Apr 18, 2019 11:40 AM EDT
A new study by a team of international researchers presents the original observations of the development of the skull and brain in the living coelacanth Latimeria chalumnae. They published their research in Nature, and it offers new insights into the biology of this iconic animal and the evolution of the vertebrate skull.
As a marine fish, the coelacanth Latimeria has a connection with tetrapods, four-limbed vertebrates including mammals, amphibians, and reptiles. The thought on coelacanths was that they have been extinct for 70 million years until the accidental capture of a living specimen by a South African fisherman in 1938. About eighty years after its discovery, Latimeria remains of scientific interest for understanding the origin of tetrapods and the evolution of other closest fossil relatives, the lobe-finned fishes.
The hinged braincase is one of the unique features of Latimeria, which is otherwise only found in many fossil lobe-finned fishes from the Devonian period about 410 - 360 million years ago. An anterior and interior portion completely split the braincase of Latimeria by a joint called the 'Intracranial joint.' Also, the brain lies far at the rear of the braincase and takes up only one percent of the cavity housing it.
This mismatch between the brain and its cavity is utterly unequaled among the living vertebrates. For years, scientists are puzzled how the coelacanth skulls grow and why the brain remains so small. To get answers to their questions, scientists studied specimens at different stages of cranial development from several public natural history collections.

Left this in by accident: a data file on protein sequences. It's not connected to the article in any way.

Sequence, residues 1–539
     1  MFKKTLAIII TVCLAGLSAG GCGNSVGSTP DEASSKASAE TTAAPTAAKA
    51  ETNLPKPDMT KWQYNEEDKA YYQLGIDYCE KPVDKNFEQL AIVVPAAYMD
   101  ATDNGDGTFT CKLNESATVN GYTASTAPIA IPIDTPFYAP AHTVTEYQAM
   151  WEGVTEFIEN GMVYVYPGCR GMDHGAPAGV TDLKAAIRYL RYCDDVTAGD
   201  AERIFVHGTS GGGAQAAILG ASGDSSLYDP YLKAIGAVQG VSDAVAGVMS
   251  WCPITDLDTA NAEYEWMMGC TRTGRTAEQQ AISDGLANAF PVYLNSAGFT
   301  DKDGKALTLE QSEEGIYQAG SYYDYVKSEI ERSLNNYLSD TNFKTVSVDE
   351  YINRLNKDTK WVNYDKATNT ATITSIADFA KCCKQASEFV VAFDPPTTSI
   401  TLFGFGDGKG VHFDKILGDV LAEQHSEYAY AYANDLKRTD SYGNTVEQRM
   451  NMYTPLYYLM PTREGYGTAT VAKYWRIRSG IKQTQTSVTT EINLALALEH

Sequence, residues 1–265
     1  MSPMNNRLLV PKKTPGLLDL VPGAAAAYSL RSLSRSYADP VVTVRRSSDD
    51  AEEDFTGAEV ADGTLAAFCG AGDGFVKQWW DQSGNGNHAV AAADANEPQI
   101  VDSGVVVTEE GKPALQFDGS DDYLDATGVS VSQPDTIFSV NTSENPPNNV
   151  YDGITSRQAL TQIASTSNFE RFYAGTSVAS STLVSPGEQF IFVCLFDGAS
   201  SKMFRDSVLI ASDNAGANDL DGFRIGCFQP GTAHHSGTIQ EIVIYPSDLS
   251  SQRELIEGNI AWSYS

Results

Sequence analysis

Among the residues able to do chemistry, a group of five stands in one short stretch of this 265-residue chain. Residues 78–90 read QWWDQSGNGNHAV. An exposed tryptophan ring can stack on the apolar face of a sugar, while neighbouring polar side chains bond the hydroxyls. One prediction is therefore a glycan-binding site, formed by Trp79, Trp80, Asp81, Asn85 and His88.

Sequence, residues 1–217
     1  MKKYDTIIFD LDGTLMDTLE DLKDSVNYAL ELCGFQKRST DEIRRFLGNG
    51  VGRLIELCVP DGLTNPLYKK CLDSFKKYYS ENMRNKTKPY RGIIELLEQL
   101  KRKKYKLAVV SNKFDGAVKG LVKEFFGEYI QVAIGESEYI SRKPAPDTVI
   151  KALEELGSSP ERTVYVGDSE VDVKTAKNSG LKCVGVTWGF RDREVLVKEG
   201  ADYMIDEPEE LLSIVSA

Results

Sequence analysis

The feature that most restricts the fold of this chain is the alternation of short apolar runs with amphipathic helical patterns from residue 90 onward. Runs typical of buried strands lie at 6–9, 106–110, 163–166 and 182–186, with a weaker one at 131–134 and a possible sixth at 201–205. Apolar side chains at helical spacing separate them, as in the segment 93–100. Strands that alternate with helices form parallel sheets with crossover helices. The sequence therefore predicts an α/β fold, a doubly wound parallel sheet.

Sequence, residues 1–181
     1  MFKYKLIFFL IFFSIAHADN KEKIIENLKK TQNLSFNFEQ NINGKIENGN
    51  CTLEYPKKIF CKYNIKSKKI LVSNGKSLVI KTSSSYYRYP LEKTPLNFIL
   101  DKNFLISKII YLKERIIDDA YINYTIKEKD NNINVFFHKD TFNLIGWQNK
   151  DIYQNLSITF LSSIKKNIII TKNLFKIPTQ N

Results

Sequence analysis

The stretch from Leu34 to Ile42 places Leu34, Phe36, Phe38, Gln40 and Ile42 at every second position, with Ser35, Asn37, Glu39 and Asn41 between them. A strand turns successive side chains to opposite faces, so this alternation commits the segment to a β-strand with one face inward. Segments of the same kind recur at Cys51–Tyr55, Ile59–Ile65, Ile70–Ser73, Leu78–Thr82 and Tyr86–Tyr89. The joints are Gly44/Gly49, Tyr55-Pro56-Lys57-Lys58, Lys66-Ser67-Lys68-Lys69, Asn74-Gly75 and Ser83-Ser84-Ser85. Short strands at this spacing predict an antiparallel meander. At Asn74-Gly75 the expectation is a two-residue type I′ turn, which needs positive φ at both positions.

Even when there is the availability of several specimens of adult coelacanths in natural history collections, earlier life stages such as fetuses are extremely rare. Hence, scientists used state-of-the-art imaging technology to visualize the internal anatomy of the specimens without damaging them.
In completion, they digitalized a 5cm-long fetus, the earliest developmental stage available for Latimeria, with synchrotron X-ray microtomography at the European Synchrotron (ESRF). For more than two decades, the ESRF has developed unique expertise in designing non-invasive techniques widely used for evolutionary biology studies.
Also using a powerful Magnetic Resonance Imaging (MRI) scanner at the Brain and Spine Institute, Paris, France, the researchers were able to image other stages and a conventional X-ray micro-CT scan at the Museum national d0Histoire naturelle, Paris, France. The scientists used these data to generate detailed 3D models that allowed them to describe how the form of the skull, the brain and the notochord, a tube-extending below the spinal cord and the brain in the early stages of life changes from a fetus to an adult.
The lead author and the research associate in palaeobiology at the University of Bristol, UK, Hugo Dutel said that the observations are unique, but they represent only a tiny step forward compared to the amount they know on the development of other species. More questions still beg for answers. Still, there are still many clues on Latimeria for understating of the evolution of the vertebrate, and it is essential to protect this threatened species and its environment.
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